NGOs and the cluster approach: a worthwhile investment?

The cluster approach to humanitarian disasters offers NGOs the opportunity for greater engagement and influence in humanitarian action. It also presents new practical and (for some NGOs) ethical challenges which each NGO must consider when deciding to participate. Linda Doull, Director of Health and Policy at Merlin, asks: Is cluster engagement a worthwhile investment for NGOs? She reflects on Merlin’s experiences at global and country level in this area since 2005. She discusses the challenges faced and how NGOs need to face up to the criticisms aimed at them.

Background to the cluster approach

In 2005, the cluster approach was launched by the Inter-Agency Standing Committee as one of the three pillars of humanitarian reform. It aims to ensure a more timely, predictable and effective response to humanitarian crises. Today there are 12 clusters. The approach has been implemented in 26 countries since its inception, most recently in Libya.

Through the Principles of Partnership, the cluster approach promotes a more effective and collaborative way of working among the wide range of humanitarian actors within the international system. The intended result is more effective humanitarian action through more transparent inter-agency dialogue, greater recognition of each agency’s role and capacity and their explicit role commitment to each response. The designers of the cluster approach recognized the key role played by both international and national NGOs in every humanitarian response. They promoted increased NGO engagement at country and global level.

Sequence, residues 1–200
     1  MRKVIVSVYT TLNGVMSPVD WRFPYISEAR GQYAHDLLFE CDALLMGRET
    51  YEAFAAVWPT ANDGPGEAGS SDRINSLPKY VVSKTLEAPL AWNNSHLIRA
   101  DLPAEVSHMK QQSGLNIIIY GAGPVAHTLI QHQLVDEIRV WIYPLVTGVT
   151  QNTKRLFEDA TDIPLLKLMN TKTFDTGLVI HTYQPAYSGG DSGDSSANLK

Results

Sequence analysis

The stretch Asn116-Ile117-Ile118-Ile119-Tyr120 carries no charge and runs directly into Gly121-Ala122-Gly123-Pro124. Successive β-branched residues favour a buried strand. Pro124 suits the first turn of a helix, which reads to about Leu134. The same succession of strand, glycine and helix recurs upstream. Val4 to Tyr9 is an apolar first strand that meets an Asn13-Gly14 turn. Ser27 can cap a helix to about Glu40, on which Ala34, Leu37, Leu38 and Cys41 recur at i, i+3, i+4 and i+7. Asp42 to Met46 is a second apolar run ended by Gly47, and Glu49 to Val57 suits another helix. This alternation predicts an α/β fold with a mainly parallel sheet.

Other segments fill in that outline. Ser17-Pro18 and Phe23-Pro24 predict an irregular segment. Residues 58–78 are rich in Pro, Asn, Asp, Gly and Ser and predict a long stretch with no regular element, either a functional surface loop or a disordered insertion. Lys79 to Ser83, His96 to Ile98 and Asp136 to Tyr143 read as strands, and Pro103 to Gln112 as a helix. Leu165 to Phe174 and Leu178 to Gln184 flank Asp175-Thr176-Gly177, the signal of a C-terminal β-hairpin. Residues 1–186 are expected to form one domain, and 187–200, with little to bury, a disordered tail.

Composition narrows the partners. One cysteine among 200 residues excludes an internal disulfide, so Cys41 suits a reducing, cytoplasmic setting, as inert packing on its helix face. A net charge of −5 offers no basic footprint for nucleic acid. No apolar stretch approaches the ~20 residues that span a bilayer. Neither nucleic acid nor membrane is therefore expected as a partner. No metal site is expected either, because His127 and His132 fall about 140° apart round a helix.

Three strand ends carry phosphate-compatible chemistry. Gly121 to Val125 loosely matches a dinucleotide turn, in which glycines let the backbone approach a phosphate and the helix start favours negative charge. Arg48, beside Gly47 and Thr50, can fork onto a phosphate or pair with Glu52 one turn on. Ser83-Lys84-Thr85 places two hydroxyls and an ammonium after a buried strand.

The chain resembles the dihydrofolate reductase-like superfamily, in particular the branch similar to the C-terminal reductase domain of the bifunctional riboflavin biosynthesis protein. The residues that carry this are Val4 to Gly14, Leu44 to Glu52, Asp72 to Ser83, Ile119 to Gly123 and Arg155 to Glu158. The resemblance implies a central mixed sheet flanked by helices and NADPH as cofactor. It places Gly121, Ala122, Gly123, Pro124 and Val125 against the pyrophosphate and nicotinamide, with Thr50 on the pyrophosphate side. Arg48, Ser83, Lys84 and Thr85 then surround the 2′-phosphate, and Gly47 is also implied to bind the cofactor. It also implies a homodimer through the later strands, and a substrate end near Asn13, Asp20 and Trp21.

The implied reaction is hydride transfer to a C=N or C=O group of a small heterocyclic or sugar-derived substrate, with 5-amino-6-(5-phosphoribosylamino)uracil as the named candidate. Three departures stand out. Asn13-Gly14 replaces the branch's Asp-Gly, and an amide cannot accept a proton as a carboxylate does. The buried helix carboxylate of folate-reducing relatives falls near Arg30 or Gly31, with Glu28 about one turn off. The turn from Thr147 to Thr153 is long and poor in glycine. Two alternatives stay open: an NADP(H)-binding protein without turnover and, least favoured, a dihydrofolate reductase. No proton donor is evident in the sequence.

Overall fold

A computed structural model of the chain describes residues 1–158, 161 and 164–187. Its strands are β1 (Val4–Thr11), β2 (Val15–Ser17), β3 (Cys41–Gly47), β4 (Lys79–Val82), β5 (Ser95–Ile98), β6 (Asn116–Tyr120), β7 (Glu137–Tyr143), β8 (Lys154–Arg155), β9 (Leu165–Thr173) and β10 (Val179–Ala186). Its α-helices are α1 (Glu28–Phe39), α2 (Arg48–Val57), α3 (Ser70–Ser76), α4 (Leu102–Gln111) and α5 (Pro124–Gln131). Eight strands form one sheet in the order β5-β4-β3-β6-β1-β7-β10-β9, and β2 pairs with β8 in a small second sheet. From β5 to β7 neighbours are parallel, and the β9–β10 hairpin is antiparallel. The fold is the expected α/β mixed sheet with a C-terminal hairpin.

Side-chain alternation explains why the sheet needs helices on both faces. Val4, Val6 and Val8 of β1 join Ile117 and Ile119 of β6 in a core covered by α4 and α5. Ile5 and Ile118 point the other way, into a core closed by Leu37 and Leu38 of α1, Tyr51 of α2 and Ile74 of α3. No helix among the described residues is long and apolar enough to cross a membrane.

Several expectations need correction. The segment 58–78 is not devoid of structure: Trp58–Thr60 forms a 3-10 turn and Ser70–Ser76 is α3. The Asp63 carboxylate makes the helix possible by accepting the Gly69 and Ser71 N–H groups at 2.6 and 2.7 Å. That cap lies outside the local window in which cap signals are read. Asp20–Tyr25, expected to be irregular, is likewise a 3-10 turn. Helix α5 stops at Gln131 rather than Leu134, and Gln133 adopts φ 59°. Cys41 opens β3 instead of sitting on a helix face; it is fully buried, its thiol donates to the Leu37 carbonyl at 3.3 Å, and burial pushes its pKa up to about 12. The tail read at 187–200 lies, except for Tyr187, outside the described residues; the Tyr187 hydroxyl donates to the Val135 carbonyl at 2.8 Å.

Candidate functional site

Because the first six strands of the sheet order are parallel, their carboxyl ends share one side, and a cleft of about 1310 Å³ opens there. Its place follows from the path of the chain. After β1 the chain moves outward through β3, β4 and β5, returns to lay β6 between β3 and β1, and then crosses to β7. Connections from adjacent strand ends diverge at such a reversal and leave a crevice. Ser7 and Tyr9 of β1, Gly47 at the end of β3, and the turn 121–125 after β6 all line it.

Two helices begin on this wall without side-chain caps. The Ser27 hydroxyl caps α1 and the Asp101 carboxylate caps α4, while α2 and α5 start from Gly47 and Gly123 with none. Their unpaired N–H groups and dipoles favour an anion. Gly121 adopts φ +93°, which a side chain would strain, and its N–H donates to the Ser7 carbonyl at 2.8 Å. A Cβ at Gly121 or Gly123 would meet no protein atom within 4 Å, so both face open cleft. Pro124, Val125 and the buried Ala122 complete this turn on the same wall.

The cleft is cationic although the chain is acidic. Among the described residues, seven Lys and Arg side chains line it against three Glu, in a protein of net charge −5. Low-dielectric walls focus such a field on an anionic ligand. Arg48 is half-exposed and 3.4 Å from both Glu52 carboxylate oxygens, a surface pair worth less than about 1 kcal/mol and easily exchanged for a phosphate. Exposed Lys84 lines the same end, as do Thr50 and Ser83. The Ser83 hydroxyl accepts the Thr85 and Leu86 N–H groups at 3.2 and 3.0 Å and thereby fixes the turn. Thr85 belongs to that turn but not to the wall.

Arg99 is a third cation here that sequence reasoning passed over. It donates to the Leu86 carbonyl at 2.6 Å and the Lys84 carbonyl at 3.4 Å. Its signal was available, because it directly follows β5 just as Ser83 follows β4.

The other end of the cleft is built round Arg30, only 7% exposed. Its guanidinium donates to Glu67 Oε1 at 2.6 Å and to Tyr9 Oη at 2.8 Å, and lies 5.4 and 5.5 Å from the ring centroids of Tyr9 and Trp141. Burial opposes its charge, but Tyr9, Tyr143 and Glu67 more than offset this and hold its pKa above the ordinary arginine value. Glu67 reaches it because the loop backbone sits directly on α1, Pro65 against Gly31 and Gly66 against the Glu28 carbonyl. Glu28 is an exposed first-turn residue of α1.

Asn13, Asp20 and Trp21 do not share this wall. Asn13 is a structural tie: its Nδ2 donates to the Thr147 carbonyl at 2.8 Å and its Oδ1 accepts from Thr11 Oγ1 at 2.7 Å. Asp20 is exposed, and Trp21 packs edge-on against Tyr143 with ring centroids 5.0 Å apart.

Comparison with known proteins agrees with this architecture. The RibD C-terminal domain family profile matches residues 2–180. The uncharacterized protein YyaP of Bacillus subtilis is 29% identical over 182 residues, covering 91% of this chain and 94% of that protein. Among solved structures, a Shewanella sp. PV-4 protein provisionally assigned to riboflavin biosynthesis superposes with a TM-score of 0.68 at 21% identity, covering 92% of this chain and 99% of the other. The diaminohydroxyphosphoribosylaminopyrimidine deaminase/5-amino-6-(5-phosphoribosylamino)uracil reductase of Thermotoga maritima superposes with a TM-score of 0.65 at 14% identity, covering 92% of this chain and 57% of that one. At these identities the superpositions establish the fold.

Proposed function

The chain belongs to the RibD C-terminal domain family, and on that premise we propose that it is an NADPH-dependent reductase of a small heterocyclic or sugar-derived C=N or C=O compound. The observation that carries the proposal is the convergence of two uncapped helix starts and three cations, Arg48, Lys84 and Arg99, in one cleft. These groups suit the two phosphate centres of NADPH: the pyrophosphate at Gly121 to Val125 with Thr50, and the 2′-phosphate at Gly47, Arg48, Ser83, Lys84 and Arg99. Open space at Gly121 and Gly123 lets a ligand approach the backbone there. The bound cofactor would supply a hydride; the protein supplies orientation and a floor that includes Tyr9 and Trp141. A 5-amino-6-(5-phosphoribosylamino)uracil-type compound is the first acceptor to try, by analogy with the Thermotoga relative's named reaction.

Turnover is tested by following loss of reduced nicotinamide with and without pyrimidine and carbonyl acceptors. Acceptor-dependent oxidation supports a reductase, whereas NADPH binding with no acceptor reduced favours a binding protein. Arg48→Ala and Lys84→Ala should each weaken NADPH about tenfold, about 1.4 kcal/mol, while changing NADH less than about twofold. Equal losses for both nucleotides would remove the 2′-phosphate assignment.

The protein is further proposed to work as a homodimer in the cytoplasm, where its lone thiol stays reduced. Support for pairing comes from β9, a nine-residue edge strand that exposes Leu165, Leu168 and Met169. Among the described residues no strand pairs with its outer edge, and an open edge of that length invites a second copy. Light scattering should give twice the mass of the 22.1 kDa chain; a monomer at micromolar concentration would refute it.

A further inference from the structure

Two major external evaluations and several reviews undertaken by NGOs, suggest that, while far from perfect, the cluster approach with NGO engagement, adds value. But there are important questions about how NGOs engage now and in the future. Each NGO should consider whether cluster engagement is a worthwhile investment for them and the response in general. Merlin’s reflections are below.
Why did Merlin become a cluster partner?

Merlin was invited to join the Global Health Cluster by the World Health Organization (health cluster lead agency) based on our commitment to and track record of supporting humanitarian health action in both acute and protracted complex emergencies. Merlin took the strategic decision to become a cluster partner because the approach: